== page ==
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Russian Minister Alexey Ulyukaev: “Italian companies are welcome in Russia: let’s reopen a dialogue”

04.03.15

“Boris Nemtsov was really a brave man, the new Russian European type you know, a bridge between Russia and Europe. This is a personal tragedy.” Alexey Ulyukaev is Russia’s minister for the Economic Development: last Monday he came to Milan, where he gave a lecture on the perspectives of global growth at Bocconi University: but his words fly back to Moscow, where a man he had known for 20 years has been killed right in front of the Cremlin: “This means that something unusual is going on - he explains -, the level of vicious aggression in the society is too high, it is a challenge for all of us. We must somehow resist this kind of nonsense, and support a peaceful cooperation”. This is the only approach which, he thinks, can help find a way out of the war in Ukraine, and at the same time solve the economic crisis which is so tightly woven to that. “This is our mutual problem - Ulyukaev says -, the situation is difficult and gets worse every day. And when you lose trust and confidence, it is very difficult to start again, to sit around a table and seek a solution. This is why it is so important for Europeans and Russians to be closer and understand each other again”.

SCOTT: This crisis, together with the sanctions, weighs on the European economies as well, not just on Russia. Maybe the world of business could help find a way out?

ULYUKAEV: Of course business ties are strong and important. And the business society must raise the voice in favor of a solution. I think business people are more oriented on that, more pragmatic. Each of us has to take some obligations, because people are dying every day.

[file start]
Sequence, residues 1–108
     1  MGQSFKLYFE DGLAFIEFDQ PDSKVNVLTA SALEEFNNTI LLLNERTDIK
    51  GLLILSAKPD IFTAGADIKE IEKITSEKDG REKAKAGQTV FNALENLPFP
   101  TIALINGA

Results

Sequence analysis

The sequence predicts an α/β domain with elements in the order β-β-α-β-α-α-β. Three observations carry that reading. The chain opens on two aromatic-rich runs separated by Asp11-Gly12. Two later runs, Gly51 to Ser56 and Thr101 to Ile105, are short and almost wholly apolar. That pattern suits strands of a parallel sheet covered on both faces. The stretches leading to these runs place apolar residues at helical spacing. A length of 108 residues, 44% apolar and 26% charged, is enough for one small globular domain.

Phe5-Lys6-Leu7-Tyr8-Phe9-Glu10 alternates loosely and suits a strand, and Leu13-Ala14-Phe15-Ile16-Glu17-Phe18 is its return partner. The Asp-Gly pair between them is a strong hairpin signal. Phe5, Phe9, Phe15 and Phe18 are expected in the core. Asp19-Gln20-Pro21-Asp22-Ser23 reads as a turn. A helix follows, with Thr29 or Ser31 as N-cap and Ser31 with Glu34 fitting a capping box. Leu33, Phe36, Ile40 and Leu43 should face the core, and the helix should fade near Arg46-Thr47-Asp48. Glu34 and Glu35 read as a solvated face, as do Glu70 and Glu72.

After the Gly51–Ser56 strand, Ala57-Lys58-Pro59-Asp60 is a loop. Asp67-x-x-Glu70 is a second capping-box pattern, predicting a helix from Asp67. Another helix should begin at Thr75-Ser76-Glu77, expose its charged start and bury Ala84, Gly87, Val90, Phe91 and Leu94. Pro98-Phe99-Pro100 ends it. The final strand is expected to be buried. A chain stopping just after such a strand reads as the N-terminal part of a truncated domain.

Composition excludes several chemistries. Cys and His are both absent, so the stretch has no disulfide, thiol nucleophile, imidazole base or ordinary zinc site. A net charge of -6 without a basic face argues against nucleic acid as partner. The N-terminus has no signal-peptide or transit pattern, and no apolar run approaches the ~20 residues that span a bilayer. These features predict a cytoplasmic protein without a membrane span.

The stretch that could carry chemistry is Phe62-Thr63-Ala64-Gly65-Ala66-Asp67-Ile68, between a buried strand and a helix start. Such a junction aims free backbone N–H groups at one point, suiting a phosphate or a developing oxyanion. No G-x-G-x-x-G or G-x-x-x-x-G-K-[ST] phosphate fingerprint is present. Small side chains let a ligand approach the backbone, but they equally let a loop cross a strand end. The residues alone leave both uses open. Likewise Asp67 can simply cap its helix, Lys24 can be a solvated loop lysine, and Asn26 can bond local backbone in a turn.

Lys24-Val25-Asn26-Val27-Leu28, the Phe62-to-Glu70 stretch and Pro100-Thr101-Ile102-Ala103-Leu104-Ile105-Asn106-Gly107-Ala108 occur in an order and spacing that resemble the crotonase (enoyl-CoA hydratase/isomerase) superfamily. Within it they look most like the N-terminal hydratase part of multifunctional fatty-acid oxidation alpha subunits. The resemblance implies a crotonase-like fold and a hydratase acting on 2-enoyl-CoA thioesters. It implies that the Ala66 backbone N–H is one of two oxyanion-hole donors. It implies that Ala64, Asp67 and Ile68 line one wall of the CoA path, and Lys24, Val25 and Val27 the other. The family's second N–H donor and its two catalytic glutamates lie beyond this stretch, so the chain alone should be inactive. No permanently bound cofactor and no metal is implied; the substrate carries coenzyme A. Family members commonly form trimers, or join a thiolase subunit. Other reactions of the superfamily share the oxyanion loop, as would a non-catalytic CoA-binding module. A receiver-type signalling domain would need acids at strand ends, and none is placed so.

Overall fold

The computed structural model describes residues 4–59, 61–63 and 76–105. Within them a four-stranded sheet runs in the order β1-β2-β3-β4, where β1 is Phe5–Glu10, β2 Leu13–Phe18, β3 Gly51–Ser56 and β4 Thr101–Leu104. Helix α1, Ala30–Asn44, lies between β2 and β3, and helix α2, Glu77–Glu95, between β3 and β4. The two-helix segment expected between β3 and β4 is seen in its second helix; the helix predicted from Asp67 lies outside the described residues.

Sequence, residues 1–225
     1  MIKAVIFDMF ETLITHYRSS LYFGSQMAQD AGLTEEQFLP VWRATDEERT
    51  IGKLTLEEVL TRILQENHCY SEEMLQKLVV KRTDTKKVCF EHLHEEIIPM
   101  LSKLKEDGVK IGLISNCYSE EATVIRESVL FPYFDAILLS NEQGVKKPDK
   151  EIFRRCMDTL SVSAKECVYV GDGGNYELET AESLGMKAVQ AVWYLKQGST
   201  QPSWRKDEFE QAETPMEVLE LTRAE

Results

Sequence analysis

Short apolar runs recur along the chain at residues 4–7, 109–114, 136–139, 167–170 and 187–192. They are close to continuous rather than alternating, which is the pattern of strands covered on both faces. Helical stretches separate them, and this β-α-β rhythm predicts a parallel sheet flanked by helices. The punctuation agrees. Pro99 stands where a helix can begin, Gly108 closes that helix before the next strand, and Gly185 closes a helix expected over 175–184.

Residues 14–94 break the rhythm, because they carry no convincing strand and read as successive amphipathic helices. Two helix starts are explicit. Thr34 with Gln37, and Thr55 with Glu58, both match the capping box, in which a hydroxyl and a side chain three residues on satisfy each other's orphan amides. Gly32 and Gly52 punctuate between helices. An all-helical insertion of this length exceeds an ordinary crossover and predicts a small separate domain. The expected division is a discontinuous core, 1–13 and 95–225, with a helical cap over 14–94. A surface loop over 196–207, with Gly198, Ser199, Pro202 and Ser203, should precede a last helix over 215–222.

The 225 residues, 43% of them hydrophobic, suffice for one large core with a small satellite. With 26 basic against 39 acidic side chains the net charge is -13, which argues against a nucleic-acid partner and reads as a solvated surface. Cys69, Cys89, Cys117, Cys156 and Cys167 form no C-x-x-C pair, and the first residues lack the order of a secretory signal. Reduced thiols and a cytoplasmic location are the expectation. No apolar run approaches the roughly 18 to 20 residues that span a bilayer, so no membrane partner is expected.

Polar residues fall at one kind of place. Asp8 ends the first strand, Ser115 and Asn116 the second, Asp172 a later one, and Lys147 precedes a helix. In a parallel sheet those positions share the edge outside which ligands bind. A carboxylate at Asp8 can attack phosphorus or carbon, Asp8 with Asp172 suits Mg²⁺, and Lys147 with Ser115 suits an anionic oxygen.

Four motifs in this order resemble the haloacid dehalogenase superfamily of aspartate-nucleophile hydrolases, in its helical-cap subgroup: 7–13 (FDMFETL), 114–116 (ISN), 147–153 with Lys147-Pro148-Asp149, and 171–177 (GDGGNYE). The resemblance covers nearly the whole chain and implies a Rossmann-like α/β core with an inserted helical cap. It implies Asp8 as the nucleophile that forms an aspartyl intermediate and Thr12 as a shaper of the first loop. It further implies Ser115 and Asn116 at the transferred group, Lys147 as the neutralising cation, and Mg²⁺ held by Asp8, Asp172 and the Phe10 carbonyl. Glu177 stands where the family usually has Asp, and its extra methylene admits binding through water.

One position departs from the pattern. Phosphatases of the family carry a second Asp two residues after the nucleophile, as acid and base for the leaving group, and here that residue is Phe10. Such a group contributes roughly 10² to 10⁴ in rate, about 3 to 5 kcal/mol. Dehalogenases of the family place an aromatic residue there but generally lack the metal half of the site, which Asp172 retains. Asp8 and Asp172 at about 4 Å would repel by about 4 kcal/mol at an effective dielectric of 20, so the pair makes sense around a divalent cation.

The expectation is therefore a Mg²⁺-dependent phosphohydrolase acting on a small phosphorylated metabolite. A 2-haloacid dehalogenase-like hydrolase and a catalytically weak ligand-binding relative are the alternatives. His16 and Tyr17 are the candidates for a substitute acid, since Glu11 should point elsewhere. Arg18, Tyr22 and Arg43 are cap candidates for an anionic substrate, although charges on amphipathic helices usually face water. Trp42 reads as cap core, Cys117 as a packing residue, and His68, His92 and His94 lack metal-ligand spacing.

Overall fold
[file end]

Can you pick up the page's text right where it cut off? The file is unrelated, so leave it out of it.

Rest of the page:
SCOTT: Looking at the impact of this crisis on the Russian economy, which is the aspect that worries you most: the idea that such a crisis could last a long time, draining resources from the State; the social impact of inflation and unemployment; the impact of oil prices, or the indebtedness of Russian companies…Which aspect could have the heaviest consequences?

ULYUKAEV: You see, each coin has two sides. Now we have some new possibilities. The crisis is not only bad times for households and companies, it’s a challenge. Now we have new possibilities because the production of companies is reduced by devaluation. And these two things - devaluation influencing inflation, inflation becoming higher - mean that real incomes are reduced every day, so as a driver for economic growth consumer demand is going down. But on the other hand, as production costs of companies are going down, so their profits, the financial results are becoming bigger, and they can be sources for investment. For that to happen this year we have to increase net exports, through import substitution first of all. The key is to increase investment demand, somehow, to introduce new possibilities of investments, to use the resources, to use the government demand. And of course the key are the interest rates. They are essential.

SCOTT. Do you see them being kept at such a high level (15%) for a long time?

ULYUKAEV: It depends on devaluation and inflation expectations. Right now the devaluation situation is quite positive, the ruble is going up and there is still room for more appreciation. But inflation is going up, right now it is 16%, the highest point is expected in April. After that it will go down because of the influence of devaluation. In that situation the Central Bank will have the possibility to reduce the key rate. But how fast, it is very difficult to say.

SCOTT: Many Italian companies are clearly against sanctions. Many contracts have been cancelled or frozen. Do you think European companies could again find a new role in Russian projects?